Abstract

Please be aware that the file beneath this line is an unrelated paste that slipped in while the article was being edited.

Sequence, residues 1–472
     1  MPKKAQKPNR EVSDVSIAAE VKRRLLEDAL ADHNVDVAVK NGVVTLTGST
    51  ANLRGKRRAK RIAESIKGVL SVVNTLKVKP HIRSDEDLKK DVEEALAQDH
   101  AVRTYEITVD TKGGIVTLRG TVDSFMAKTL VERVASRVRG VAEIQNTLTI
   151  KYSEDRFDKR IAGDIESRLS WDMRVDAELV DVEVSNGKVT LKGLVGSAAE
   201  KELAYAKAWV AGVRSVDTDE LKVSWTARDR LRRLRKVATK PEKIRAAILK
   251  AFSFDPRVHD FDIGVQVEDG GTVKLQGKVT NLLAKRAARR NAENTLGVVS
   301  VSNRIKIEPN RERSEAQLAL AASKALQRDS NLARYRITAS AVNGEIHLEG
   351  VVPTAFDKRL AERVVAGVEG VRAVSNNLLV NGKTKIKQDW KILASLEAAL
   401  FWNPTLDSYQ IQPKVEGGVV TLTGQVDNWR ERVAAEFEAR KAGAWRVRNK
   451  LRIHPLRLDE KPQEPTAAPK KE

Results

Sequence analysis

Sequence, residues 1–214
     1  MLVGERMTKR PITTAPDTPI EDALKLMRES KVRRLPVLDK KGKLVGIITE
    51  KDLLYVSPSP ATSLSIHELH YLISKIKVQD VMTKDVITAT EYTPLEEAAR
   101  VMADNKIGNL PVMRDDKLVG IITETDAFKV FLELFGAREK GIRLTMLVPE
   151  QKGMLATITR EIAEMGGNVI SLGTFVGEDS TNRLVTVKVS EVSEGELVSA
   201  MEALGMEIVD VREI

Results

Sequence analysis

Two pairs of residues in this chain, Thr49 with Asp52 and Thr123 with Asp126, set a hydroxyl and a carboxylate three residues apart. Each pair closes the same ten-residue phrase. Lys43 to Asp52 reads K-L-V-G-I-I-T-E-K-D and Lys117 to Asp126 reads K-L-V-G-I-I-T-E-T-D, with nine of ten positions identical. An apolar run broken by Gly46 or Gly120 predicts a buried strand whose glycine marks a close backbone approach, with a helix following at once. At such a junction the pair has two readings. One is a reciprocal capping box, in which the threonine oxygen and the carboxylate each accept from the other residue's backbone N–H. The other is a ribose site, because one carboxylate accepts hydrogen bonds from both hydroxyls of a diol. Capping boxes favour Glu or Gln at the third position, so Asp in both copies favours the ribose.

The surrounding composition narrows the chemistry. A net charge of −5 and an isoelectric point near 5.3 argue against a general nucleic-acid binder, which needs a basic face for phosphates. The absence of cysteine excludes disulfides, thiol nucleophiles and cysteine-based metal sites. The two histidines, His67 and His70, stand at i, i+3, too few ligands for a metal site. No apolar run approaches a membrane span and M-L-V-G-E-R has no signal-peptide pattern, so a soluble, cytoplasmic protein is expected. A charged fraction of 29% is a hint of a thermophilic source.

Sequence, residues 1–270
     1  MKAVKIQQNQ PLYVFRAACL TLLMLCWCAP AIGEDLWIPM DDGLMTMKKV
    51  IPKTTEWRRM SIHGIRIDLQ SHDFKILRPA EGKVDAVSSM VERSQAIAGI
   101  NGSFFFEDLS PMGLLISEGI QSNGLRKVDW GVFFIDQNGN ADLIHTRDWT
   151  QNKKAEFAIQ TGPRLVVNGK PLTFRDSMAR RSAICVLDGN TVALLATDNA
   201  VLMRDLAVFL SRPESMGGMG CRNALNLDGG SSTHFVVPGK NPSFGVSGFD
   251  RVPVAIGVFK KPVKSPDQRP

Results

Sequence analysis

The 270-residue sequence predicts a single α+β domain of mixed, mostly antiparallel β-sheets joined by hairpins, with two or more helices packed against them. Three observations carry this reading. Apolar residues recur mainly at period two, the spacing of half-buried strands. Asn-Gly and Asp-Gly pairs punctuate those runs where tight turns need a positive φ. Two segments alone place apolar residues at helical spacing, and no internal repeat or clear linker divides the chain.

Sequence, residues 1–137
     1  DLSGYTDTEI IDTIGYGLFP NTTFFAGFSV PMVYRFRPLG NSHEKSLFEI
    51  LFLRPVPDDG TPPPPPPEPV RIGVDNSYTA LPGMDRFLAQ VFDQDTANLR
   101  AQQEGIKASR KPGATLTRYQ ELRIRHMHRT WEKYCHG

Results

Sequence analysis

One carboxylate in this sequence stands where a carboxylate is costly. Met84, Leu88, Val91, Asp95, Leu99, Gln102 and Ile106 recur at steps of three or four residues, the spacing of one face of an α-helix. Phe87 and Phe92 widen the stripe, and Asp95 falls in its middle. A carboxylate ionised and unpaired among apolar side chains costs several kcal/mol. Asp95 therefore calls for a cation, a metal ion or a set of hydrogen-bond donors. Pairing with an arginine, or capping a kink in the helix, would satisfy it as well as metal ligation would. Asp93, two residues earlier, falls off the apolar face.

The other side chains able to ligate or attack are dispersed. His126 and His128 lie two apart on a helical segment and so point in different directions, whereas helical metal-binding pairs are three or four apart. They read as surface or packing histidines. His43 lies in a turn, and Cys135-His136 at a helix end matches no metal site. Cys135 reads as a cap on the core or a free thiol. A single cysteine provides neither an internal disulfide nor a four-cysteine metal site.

A kaolin clay was activated with 1.0 m H2SO4 solution at minimum liquid to solid ratio (L/S) using microwave heating. The optimum experimental conditions for activation were L/S ratio 3.0 mL 1 m H2SO4 per gram kaolin, microwave input power 500–600 W, and heating time 5–10 min. Activation at L/S < 3.0 mL/g using 1.0 m H2SO4 was not efficient, indicating the influence of solvent for absorbing microwaves more intensively and thus improving activation. Significant physicochemical changes were observed by the proposed procedure with smaller volumes of activator compared to the conventional heating method. Microwave input power and heating time have a strong influence on the quality of the final material; activation at high input power (>700 W) and longer heating times (>10 min.) are not recommended since they cause dissolution of kaolinite structure. Microwave-heated kaolin manifested better adsorption for tartrazine dye due to improvements in textural and chemical properties of kaolinite. Moreover, irradiation of used kaolinite has significantly improved dye desorption, increasing the importance of microwaves in regeneration/recycling studies. Detailed dielectric measurements of kaolin-acid mixtures recorded at frequencies much lower than 2.45 GHz revealed that absorption of radiation is highly dependent on the activator solution in the mixture. For 3.0 mL/g mixtures, high dielectric constant ε′ 5223, dielectric loss factor ε″ 5083, tangent loss tan δ 1.30, penetration depth dp 0.57 cm at (103 Hz), and AC-conductivity σ 0.032 Ωm–1 were determined at 105 Hz. Filling the pores of kaolin by acid solution increased the microwave absorption and hence de-alumination of kaolinite.

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